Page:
Nicolae’s narcissistic sociopathy is also finally showing up. No more do we read that he’s evil, while he promotes peace and other things generally considered good; now we know that he truly is the kind of evil which hides itself behind goodness.
For just one example, on page 364, we read, “Nicolae had learned the art of humility. Or at least of appearing humble.” One huge red sign of narcissism is claiming to be humble. (My ex-narc-friend Richard actually wrote on his Blogger profile that he’s humble.) A truly humble person will never say so, or think so, because he’s too humble to think he’s humble.
But during the rest of the series, we were often told he was evil, while he tried to promote peace and harmony among all. We should have been shown his pathology in a more convincing manner, such as getting into his head, because oftentimes very few people really know what’s going on in the head of a narcissist.
Only going into the heads of the Tribulation Force, was very limiting, often leading to questionable choices by the “good guys”–such as working for the Antichrist–so we can listen in to his private conversations without changing point-of-view.
I feel cheated because we are getting so much background information and rich characterization that was sorely missing from the rest of the series.
A scythe should have been taken to much of the series, cutting out all those boring phone conversations about logistics, sermons, and repeating what we already knew. Then there would have been plenty of room for this background info, interspersed throughout maybe three books instead of twelve.
On page 366, Cameron notes that his coworker Lucinda is very religious, with Christian “artifacts” (picture of Jesus, etc.) in her office; he’s met other Christians at work, but “most were pretty laid-back about it, almost secretive. It was as if they knew they were in the minority and didn’t want to look like weirdos.”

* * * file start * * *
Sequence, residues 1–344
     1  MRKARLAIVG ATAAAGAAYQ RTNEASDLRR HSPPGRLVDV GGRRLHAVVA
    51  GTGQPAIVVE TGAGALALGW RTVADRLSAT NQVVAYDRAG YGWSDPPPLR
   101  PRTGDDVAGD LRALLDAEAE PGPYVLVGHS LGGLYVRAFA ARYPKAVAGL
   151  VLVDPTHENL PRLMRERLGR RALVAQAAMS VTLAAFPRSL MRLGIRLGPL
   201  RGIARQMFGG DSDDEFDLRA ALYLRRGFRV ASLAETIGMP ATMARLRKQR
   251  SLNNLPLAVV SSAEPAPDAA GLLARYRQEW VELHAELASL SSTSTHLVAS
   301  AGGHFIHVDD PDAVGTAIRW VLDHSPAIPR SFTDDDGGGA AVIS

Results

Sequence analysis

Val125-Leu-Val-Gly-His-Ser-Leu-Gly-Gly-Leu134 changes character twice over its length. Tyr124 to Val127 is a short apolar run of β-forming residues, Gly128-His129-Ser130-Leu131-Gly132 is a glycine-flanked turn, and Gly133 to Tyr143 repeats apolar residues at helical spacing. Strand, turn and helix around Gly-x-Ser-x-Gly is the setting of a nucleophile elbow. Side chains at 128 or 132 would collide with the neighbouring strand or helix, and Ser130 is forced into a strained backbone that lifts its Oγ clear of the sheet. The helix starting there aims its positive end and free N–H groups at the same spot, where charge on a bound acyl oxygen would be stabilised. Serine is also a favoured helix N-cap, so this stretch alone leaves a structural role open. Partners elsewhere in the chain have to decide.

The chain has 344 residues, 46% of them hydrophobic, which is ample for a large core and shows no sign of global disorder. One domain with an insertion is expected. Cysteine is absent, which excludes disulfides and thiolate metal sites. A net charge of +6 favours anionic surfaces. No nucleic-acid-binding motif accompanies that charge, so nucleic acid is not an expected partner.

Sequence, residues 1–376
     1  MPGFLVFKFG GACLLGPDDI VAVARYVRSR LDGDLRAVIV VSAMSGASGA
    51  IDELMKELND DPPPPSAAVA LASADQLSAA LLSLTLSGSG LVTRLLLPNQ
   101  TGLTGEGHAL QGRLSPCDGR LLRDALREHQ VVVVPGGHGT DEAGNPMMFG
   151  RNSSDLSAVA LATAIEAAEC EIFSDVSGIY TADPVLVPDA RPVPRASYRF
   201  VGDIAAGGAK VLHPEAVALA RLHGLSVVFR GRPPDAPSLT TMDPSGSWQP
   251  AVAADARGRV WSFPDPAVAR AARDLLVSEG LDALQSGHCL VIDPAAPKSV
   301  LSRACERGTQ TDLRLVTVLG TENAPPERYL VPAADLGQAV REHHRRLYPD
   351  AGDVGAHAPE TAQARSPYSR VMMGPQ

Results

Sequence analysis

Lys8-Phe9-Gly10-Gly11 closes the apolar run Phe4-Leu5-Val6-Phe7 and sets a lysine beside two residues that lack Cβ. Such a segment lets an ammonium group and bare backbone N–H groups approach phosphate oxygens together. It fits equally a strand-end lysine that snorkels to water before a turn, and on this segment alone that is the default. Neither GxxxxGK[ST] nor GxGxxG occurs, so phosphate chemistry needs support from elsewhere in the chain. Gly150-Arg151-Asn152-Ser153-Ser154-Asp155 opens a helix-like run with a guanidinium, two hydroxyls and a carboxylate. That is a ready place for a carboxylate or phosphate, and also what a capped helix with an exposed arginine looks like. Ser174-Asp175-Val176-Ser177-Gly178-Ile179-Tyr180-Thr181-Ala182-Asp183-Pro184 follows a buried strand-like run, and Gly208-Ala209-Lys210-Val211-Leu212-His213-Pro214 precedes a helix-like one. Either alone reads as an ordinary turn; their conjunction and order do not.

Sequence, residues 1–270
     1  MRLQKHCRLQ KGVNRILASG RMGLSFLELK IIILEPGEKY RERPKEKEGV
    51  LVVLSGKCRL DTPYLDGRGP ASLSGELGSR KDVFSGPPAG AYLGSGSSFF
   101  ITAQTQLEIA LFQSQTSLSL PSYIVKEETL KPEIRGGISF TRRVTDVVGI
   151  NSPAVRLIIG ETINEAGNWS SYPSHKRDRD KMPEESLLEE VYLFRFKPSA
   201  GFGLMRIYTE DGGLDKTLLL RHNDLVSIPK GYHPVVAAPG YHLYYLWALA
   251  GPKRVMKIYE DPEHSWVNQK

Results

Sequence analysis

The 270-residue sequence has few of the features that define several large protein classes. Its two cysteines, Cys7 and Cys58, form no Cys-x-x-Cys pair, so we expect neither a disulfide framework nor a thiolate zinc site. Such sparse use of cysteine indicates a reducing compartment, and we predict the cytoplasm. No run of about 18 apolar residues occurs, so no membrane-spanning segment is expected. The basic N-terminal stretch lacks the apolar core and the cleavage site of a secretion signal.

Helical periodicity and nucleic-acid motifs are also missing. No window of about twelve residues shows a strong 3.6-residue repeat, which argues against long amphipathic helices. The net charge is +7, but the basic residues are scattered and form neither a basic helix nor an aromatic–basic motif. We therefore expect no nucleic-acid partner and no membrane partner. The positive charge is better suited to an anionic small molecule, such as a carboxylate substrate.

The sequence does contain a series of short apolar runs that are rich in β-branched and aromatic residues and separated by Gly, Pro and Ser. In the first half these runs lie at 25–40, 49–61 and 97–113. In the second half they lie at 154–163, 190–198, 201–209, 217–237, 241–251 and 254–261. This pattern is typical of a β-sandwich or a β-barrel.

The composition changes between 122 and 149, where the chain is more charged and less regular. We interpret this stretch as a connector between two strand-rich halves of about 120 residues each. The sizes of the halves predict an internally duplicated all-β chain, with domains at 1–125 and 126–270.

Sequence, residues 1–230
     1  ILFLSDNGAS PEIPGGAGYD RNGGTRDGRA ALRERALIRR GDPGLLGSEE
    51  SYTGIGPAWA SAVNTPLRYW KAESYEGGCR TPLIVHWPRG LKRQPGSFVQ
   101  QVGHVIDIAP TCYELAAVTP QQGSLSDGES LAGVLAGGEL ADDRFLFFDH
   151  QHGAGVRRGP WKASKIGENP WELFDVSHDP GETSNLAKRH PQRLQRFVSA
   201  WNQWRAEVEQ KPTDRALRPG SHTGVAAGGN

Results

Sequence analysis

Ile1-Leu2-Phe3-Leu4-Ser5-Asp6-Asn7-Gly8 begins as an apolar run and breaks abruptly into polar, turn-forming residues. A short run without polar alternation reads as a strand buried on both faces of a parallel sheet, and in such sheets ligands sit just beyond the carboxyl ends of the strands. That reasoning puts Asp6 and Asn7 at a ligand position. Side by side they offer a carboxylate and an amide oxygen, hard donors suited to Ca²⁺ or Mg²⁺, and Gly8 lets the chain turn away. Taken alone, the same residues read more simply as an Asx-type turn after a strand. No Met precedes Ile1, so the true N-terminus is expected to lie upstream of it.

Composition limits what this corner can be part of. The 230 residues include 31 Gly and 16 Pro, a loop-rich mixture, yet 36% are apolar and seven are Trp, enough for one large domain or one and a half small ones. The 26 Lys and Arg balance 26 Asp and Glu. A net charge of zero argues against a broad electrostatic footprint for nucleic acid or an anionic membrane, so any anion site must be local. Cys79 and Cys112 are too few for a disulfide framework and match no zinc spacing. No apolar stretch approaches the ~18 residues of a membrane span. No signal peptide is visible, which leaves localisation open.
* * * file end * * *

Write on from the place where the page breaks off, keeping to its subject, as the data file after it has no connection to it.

Um….Being a “person of faith,” as he terms it, I, too, wouldn’t talk too much about it or post a bunch of Christian stuff in my cubicle or office. But I wasn’t hiding my faith, nor did I fear looking like a “weirdo.” I was just at my job doing my work, not proselytizing.
I do believe the placement of Chloe’s skepticism in this paragraph is deliberate:
But on the negative side Chloe seemed to think the world revolved around her, that she answered to no one, and that she knew better than anyone else anyway–in particular, her mother. She believed only in what she could see and touch. To her God was okay as a concept, but He certainly didn’t really exist, not as a person.
I think atheists would object to skepticism being equated to teen-age self-absorption.
On pages 368 to 369, and 371, we find a power struggle between Irene and Chloe: Irene wants to dictate whether Chloe goes to church, and where she goes to college, even threatening to not pay for college if Chloe doesn’t go to church until she leaves home! But Chloe has full scholarships, and wants to go 2000 miles away to Stanford, also against her mother’s wishes (it’s “too far”).
Fortunately, Rayford mediates, getting Irene to back off and let Chloe make her own decisions. He doesn’t understand Irene’s trouble with Chloe, or with her going to Stanford; he’s proud of Chloe, considers her an ideal daughter.
The basic problem is that Chloe doesn’t want to follow Irene’s religion. Since Irene loses that fight, she “had grown chillier than ever.” It’s the classic problem of a parent not wanting to let go of her child, who is now nearly an adult and needs to make her own decisions. I’m on Chloe’s side in this one.
On page 385, we find more clumsy dialogue: Buck says, “I am always busy, and though you are more than twice my age, you are busier than I.” No contractions, and “busier than I” instead of “busier than I am” or “busier than me”?
These authors have no feel for how people actually talk. It’s one thing to write that way, but even English majors and writers don’t follow precise grammar in speech.
On to the next book. This is almost done!!!!!!!!!!!!!!!!!!!!!!!!!!!